Make sure your child knows that you're available and willing to talk about her problem. Communicating openly will help everybody involved deal with the situation more effectively.
Try to make activities that your child might avoid possible for her. For example, if she declines sleepover invitations because she's afraid she'll wet the bed, offer to host a sleepover at your house. She might feel more comfortable in her own bed and confident about taking care of any nighttime accidents discreetly.
Bedwetting alarms can effectively eliminate bedwetting, even in teenagers. Giving her a tool like a bedwetting alarm to alert her when wetting is occurring is a first step toward curing bedwetting. Over time, her brain will begin to make the connection that she should get up rather than sleep through the wetting episode.
Packing an Overnight Bag for Your Child
Bedwetting can be particularly challenging when your child is away from home. To reduce your child's embarrassment and to make things easier on the host, camp counselors, or relatives, make sure your child's overnight bag is packed with these essentials:
Protective vinyl pants: These look just like regular underwear and can be worn over disposable pull-ups for added protection and privacy.
Sleeping bag liners: These reusable waterproof liners fit right into your child's sleeping bag. Place one inside the sleeping bag before rolling it up and sending it off with your child and no one will know that it's there.
Disposable underwear: These highly-absorbent undergarments help protect bedding and clothes and can be thrown away discreetly.
Plastic bags: Pack plenty of these in case your child has a nighttime accident and needs to change his underwear, pajamas, or an overlay or underpad. These will ensure sanitary storage and help to isolate the odor for discretion.
Treating Urine Odor
While using protective undergarments and bedding at night is a highly effective way to protect your child's clothing and bed from nighttime accidents, it's a good idea to be prepared in case any of your precautions fail. Here are some tips for keeping your child's bedding and mattress clean and fresh:
Look for stain removal products designed for urine. Urine has a unique chemical makeup that has to be targeted directly in order to be eliminated.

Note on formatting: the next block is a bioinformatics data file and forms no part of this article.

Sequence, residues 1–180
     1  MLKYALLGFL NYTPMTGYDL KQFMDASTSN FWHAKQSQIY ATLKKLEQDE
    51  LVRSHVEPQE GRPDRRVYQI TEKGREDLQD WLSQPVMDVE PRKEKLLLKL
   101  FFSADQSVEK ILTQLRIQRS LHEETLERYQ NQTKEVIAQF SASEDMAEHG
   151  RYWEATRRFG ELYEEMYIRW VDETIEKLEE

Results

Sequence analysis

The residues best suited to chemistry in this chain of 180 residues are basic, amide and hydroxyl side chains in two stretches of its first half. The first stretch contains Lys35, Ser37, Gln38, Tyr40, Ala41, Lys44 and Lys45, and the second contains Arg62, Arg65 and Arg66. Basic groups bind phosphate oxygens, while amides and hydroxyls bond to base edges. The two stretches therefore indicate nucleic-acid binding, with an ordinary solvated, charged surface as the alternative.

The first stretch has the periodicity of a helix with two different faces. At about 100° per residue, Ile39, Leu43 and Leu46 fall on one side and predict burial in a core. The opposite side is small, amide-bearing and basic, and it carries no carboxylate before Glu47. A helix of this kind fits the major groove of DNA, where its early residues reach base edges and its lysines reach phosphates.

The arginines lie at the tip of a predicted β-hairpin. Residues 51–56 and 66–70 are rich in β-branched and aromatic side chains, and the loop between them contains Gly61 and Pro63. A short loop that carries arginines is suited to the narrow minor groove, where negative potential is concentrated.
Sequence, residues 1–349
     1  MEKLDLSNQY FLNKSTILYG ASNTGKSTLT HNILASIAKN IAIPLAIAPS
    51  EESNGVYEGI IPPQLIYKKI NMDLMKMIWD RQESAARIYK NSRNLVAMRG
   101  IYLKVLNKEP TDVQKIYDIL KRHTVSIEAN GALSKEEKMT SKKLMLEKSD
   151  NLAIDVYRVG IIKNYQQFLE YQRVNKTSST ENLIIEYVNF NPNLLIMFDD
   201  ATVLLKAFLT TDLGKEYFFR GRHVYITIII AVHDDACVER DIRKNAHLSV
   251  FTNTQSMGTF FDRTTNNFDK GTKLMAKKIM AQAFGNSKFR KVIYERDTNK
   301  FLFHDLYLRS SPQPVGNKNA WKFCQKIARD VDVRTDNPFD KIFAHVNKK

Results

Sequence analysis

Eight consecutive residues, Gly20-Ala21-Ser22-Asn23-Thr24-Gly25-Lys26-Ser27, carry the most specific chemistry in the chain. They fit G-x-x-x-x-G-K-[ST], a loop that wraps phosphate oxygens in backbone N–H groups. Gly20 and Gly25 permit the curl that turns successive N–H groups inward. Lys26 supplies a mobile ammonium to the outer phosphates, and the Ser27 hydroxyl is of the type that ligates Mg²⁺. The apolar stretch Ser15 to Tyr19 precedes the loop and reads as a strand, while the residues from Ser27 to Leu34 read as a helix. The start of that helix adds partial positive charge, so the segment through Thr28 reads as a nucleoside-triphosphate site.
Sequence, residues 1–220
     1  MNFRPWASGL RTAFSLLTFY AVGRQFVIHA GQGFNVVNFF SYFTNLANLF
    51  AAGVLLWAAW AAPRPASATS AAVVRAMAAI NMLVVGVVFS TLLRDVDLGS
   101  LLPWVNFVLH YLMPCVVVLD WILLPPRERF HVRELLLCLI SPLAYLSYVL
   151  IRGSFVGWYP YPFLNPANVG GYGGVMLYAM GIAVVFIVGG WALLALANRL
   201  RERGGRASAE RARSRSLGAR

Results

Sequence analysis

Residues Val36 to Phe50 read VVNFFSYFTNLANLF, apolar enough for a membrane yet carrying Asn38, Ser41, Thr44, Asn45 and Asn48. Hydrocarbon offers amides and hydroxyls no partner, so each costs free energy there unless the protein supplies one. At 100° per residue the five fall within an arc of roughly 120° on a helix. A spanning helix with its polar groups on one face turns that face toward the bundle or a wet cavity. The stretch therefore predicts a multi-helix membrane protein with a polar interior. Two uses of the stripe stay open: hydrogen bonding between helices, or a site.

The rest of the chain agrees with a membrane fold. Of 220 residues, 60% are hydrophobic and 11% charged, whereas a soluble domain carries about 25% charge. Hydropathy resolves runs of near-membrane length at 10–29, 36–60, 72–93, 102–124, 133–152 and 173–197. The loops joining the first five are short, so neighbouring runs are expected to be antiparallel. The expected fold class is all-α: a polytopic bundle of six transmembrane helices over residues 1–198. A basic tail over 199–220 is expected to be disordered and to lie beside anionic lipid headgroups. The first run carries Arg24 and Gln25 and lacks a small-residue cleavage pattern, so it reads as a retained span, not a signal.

Find products that will neutralize urine odor, rather than simply mask it—you want the odor to go away, not smell like flowers.
Use a stain removal product as soon as possible after an accident. The longer any stain has to set, the harder it is to get rid of. This doesn't mean that you have to do laundry in the middle of the night; just apply some of the stain remover to the affected areas of the fabric and then wash in the morning. To keep your house sanitary, keep the fabrics in a plastic bag until you can wash them.
To cut down on cost and maintenance, always make sure your child's bedding and clothing are made of washable fabrics like cotton.
Books to Help With Bedwetting
From children's fiction to reference for adults, there are many published books that deal with bedwetting kids. Aside from the fact they're written by experts who can offer solutions to the problem, the books have the added benefit of boosting your child's self esteem, either by addressing self-esteem-building directly or assuring her that she's not alone. Here are a few books that may be of some help:
Waking Up Dry: This child- and parent-friendly book blends expert knowledge of bedwetting and its solutions with real-life stories and activities. It also teaches children a bit about how their bodies work, and greater understanding of the problem can make you and your child better-equipped to cope with it.
Do Little Mermaids Wet Their Beds?, Dry Days, Wet Nights, Sammy the Elephant & Mr. Camel, and Dippy's Sleepover: All of these books feature fun, relatable characters that will keep children engaged. Reading stories about characters that are facing the same problems can help young children visualize themselves solving their own problems and help assure them that bedwetting is common.
David's Secret Soccer Goals and Prince Bravery & Grace: Bedwetting can be embarrassing, especially for older children. By working lighthearted humor into the stories, these books can help make children a little more comfortable about the topic of bedwetting.
Seven Steps to Nighttime Dryness, Getting to Dry, and No More Bedwetting: These books for parents are all written by healthcare professionals and offer expert advice on how to stop your child's bedwetting.